And there's another salutary effect, which is that black school children are learning that some African warlords in fact are mass murderers and should be arrested. You can't appreciate this lesson unless you yourself have children in New York City schools and see the outrageous amount of Marxist-inspired clap-trap that is pedaled to kids in their "education". Critical race theory of the sort being debated now around the Obama "vetting" film is exactly the order of the day, and there's a certain premise: that all African nations and rebel leaders are victims of colonialism, which of course they are, but then a certain premise -- that therefore they should not be criticised, and to criticise them is racist and imperialist. This is a very, very hard point to get across in many places where the black power movement has left indelible marks.
I give it about another week, however, before some of those old lefties begin to call this a white man's campaign to distract from white crimes, including the white imperialist crimes committed even by black Obama.
The Save Darfur movement always struck me as rather white -- the demonstrations I went to had only a sprinkling of black folks, usually Darfurian emigres or visitors themselves. This movement put the issue on every single t-shirt, mug, bus-shelter, NGO agenda, and school fair booth. There probably hasn't been such a mass movement related to a foreign issue since the anti-apartheid movement and then the Euromissile protests.
But it was worthless. The agitators spent money mainly on themselves and their advertising (like the Kony2012 people do), and after the South gained its independence, they stopped working on the issue and turned to other causes. They exist, but they've folded into other movements and have less resources -- there are competing causes. And after the secession, more violence broke out and now it's like it was in the days when Save Darfur fretted constantly that no countries would give any helicopters to the cause (funny how they instantly came up with them when they had to go to Libya). Of course there was a reason for the helicopter problem: a) the Russians who had them wouldn't outfit them with weapons and UN staff didn't like flying in unsafe Russian helicopters with the gas tank in the front seat b) more to the point, the Sudanese government in Khartoum wouldn't allow them and threatened the mission with expulsion.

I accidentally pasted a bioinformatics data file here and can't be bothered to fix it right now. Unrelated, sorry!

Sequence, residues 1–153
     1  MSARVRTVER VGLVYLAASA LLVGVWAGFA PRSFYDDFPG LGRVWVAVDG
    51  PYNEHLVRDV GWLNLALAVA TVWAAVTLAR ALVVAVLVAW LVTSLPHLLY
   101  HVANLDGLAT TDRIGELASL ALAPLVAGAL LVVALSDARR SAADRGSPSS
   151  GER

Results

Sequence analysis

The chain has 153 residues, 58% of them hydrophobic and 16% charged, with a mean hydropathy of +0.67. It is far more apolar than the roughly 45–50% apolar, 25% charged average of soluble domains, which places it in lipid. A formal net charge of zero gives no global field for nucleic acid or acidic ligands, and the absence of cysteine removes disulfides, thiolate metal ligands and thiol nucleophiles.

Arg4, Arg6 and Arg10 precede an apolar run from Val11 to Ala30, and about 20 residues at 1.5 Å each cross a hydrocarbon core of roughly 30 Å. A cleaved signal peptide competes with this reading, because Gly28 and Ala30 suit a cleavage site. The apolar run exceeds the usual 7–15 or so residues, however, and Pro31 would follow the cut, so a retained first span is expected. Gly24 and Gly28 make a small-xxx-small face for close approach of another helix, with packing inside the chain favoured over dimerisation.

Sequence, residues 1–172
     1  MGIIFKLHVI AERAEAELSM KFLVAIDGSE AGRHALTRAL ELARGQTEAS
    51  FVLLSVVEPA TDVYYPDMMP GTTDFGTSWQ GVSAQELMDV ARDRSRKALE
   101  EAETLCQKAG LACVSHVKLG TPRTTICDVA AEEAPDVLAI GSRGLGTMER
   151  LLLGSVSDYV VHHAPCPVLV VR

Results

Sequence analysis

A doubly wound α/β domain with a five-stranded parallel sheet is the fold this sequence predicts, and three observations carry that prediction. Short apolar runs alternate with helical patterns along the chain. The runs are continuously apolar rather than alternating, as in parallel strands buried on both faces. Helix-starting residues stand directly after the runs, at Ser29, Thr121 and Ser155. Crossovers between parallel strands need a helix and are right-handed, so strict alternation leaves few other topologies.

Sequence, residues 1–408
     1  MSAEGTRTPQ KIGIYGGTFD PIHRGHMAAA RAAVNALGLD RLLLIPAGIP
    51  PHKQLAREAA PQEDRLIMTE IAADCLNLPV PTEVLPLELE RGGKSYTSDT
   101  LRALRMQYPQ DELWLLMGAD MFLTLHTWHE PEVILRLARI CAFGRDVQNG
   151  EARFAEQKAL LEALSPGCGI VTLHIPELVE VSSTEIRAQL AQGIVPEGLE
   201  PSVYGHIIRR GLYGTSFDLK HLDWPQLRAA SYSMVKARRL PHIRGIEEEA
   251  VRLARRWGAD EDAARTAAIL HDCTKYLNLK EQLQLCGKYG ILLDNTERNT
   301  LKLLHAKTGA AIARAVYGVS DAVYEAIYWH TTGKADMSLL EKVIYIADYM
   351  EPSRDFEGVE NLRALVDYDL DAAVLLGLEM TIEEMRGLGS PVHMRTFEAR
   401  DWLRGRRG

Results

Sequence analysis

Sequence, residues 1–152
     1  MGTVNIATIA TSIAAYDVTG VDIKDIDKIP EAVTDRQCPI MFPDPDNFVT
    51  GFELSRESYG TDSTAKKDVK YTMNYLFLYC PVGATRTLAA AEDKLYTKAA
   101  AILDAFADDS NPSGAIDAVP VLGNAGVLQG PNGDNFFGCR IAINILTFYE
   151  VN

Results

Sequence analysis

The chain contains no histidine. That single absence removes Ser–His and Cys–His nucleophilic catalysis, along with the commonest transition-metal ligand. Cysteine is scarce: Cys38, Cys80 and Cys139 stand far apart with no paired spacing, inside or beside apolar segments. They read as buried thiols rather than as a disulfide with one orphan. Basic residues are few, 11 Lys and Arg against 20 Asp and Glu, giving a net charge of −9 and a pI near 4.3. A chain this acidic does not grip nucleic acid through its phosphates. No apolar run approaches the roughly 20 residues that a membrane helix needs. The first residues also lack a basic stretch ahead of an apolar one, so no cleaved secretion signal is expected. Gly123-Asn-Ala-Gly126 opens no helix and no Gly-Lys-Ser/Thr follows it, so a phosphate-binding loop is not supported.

See, that's why these problems are very intractable in Africa. Tyrants, enormous amounts of guns and young men to wield them, and the inability of the West to do an awful lot.
Maybe Obama will ride the Kony2012 wave and get his 100 advisors to actually help arrest Kony and chalk up another scalp to his belt. We'll see.
I'm more worried about something else entirely, however, and that is the "Facebook Nation" crap surrounding this that leads people to begin utopianizing about it.
David Kirkpatrick, author of The Facebook Effect, says this on Facebook today -- and since it's a string of quotes from other people with this theory, I'll quote it in full:
"We are living in a new world--Facebook world--in which 750 million people share ideas, not thinking in borders. It's a global community, bigger than the U.S. Joseph Kony was committing crimes for 20 years, and no-one cared. We care." -- Luis Moreno Ocampo, prosecutor for International Criminal Court
"Right now, there are more people on Facebook than there were in the world 200 years ago. Humanity's greatest desire is to belong and connect. Now, we see each other. We hear each other. We share what we love and it reminds us what we all have in common. And this connection is changing the way the world works...
We have reached a crucial time in history when what we do or don't do, right now, will affect every generation to come. Arresting Joseph Kony will prove that the world we live in has new rules. That the technology that has brought our planet together is allowing us to respond to the problems of our friends. We are not just studying human history, we are shaping it." -Jason Russell, filmmaker and co-founder of Invisible Children